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Teen boy kills himself after reported sexual assault, now Mom is fighting after accused rapist may get charges dropped [EXCLUSIVE]

An Ohio woman is pushing for justice after her son committed suicide in June, following a traumatic alleged sexual assault that left the boy devastated and broken.

Garon Hall, 18, took his own life a few months after he was reportedly kidnapped and raped by Dwight Lamar Orr, Jr., 44, a convicted felon with a lengthy criminal history, including involuntary manslaughter and a drug possession conviction. Orr is currently facing charges connected to the alleged sexual assault incident, but Garon’s mother, Terri Olmedo, fears that now that her son doesn’t have a voice and can’t testify, Orr could walk free.

Olmedo told CrimeOnline that the incident occurred at Orr’s house in Reynoldsburg, although it remains unclear how Garon ended up at the residence. Garon may have initially met Orr while they both worked at United Dairy Farmers off of Tussing Road in Reynoldsburg, but Olmedo isn’t certain of the exact time and place the two met.

“On April 22 I received a call from Garon, telling me he had been raped [and] he was at the United Dairy Farmers on Tussing Road where he worked. Me and my husband immediately went to UDF, picked Garon up, [and] he was scared, he was shaking, he was half dressed and he was in tears. We then spoke with some cops who escorted us to the hospital for a rape kit. The detectives came and spoke with him later. They came back with a lineup of pictures. Garon was able to pick Dwight Orr out of the line up. Hours later the SWAT team arrested Dwight.”

Dwight Lamar Orr, Jr. [Police Handout]
Orr is accused of pointing a gun to the teen’s head, then forcing himself on him while threatening to kill him. Court records indicate Orr has been charged with one count of kidnapping, one count of “having weapons while under disability,” and two counts of rape.

Shortly after the alleged incident, Olmedo said Garon escaped Orr’s home when another person showed up at the residence. Garon quickly ran to his place of employment and called for help.

Fast forward to June 29, Garon, left scarred from the incident, hanged himself. Olemdo’s brother found him, as Garon had moved to West Virginia to stay with his uncle for fear of his safety.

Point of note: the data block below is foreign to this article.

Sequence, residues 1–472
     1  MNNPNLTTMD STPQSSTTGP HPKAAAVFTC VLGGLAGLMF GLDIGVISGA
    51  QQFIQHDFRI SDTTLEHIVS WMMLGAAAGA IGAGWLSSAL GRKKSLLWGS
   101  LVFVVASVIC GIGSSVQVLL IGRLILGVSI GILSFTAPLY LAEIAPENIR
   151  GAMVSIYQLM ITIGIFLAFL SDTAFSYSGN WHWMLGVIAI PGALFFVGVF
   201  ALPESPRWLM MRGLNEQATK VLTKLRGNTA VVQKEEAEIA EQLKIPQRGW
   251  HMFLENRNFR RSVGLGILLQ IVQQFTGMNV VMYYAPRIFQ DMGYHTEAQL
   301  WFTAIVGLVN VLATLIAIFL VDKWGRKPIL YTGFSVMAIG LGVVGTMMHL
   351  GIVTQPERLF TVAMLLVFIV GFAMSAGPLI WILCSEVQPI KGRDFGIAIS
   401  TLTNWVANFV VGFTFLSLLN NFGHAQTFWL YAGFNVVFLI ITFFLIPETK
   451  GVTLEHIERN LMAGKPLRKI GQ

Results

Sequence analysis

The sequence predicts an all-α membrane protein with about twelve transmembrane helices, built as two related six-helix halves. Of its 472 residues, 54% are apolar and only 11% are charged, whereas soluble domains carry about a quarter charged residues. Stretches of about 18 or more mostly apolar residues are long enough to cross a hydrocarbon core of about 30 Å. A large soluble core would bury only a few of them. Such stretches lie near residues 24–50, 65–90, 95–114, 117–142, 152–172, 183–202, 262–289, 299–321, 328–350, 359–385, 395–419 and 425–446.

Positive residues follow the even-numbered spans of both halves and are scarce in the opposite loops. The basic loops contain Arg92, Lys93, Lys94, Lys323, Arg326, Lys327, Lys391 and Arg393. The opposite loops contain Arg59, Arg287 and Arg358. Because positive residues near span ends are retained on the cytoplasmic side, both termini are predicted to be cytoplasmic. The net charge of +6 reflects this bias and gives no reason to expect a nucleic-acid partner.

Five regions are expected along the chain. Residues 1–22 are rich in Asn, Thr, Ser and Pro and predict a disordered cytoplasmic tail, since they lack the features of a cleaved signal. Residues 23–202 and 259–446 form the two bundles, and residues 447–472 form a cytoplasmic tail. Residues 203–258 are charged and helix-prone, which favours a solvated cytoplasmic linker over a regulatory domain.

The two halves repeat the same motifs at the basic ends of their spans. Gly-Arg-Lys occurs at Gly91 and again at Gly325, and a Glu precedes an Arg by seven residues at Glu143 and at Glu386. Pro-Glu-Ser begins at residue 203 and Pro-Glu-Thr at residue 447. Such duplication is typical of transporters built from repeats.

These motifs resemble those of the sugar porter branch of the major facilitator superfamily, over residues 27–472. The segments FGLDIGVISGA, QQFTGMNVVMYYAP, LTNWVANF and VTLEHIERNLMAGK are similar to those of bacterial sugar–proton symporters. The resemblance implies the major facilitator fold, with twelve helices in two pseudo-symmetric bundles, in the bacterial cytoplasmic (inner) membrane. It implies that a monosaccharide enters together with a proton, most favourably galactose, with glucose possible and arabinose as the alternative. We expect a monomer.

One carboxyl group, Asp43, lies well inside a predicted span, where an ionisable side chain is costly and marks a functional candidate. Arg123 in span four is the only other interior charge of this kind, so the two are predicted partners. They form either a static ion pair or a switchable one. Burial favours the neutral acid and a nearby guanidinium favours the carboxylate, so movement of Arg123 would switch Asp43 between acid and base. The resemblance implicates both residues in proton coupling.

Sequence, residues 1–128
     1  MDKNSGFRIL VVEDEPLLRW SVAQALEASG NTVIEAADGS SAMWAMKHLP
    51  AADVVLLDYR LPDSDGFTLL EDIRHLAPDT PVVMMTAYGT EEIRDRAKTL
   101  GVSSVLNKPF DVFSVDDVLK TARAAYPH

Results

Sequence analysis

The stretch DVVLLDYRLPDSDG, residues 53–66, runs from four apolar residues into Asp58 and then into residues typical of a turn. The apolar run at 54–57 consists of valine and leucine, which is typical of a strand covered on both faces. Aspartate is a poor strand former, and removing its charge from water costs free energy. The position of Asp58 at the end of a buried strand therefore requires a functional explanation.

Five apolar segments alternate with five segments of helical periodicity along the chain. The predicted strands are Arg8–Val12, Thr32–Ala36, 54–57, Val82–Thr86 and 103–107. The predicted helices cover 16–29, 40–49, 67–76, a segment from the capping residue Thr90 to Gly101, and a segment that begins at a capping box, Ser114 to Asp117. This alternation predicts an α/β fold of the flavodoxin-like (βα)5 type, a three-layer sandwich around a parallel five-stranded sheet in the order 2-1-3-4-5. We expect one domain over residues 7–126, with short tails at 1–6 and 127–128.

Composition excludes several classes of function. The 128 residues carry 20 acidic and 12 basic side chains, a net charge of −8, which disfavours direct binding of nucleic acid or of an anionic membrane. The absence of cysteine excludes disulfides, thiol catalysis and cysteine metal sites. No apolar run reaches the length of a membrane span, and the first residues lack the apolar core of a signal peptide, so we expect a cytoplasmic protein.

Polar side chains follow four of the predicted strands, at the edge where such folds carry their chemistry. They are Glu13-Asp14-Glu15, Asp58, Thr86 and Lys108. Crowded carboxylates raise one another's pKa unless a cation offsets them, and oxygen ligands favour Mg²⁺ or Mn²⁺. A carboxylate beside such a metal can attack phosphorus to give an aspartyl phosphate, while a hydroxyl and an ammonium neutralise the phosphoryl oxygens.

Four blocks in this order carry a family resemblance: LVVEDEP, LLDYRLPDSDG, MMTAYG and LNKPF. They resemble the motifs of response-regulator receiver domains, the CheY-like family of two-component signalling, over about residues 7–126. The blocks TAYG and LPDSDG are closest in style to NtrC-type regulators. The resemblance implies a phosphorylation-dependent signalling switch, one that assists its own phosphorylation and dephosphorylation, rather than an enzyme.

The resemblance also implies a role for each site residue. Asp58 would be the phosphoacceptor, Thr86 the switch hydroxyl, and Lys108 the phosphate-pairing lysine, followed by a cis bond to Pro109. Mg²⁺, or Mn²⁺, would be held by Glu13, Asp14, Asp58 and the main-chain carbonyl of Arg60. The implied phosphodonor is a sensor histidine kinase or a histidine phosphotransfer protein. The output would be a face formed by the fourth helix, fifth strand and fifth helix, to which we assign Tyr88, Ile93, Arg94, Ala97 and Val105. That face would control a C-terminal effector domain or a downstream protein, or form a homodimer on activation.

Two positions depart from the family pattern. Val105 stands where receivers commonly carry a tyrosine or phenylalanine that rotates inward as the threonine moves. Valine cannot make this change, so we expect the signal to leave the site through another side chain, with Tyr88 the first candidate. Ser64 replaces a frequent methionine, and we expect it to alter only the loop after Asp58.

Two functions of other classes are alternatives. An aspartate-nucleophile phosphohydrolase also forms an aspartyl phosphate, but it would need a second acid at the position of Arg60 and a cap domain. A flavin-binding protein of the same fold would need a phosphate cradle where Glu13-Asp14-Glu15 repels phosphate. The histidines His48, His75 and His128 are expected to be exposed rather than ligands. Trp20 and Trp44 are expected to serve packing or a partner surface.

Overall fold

Garon was airlifted and taken to a Charleston hospital with “little to no brain activity.” He passed away on July 3.

Ormedo said Garon left behind note for his family, explaining that he loved his family but didn’t know to live with the pain.

“I love all of you with all my heart. I’m sorry I was not strong enough for this world. It’s all just too much for me to handle. I don’t want to go, but my head is destroying me and these thoughts are too much for me to handle. I just want them to stop. I feel like this is my only option.”

Garon as a young child [Photo via Terri Olmedo]
Shortly after his death, according to Olmedo, authorities informed her that with Garon deceased, there’s a chance charges against Orr would be dropped. On July 19, authorities released Orr from jail on his own recognizance.

Orr’s next hearing is August 9 and Olmedo is desperately fighting to ensure the charges against him stick. According to the Franklin County Prosecutor’s Office, the hearing will determine whether the charges will be dropped or if the case will move forward.

“Garon left a note saying he didn’t want to go but the thoughts of what happened were to much and he couldn’t handle them, and he didn’t know any other way to make them stop! Now my son is dead and this monster may walk free!” Olmedo told CrimeOnline.

Meanwhile, a family member set up a GoFundMe fundraiser, hoping to help recoup unexpected funeral and burial expenses, as well as get the attention of an attorney who could possibly help the family seek justice for Garon.

Garon was an avid rollerblader who loved being around his friends and making people smile, according to Olmedo. His organs were donated to six people after he passed away. Olmedo said her son’s heart “is now beating in a stranger,” someone she hopes to one day meet.

Garon is survived by his mother, Olmedo; his father, Jon McGowan; his brother, Chris; sister, Brianica; and step-sister, Skyla. Garon was Olmedo’s youngest child.

If you or someone you know is struggling with suicidal thoughts, contact the National Suicide Prevention Lifeline at 800-273-8255. The line is open 24-hours a day.

The story continues to develop. Check back with CrimeOnline as additional details become available.

[Feature Photo: Garon Hall/Family Handout]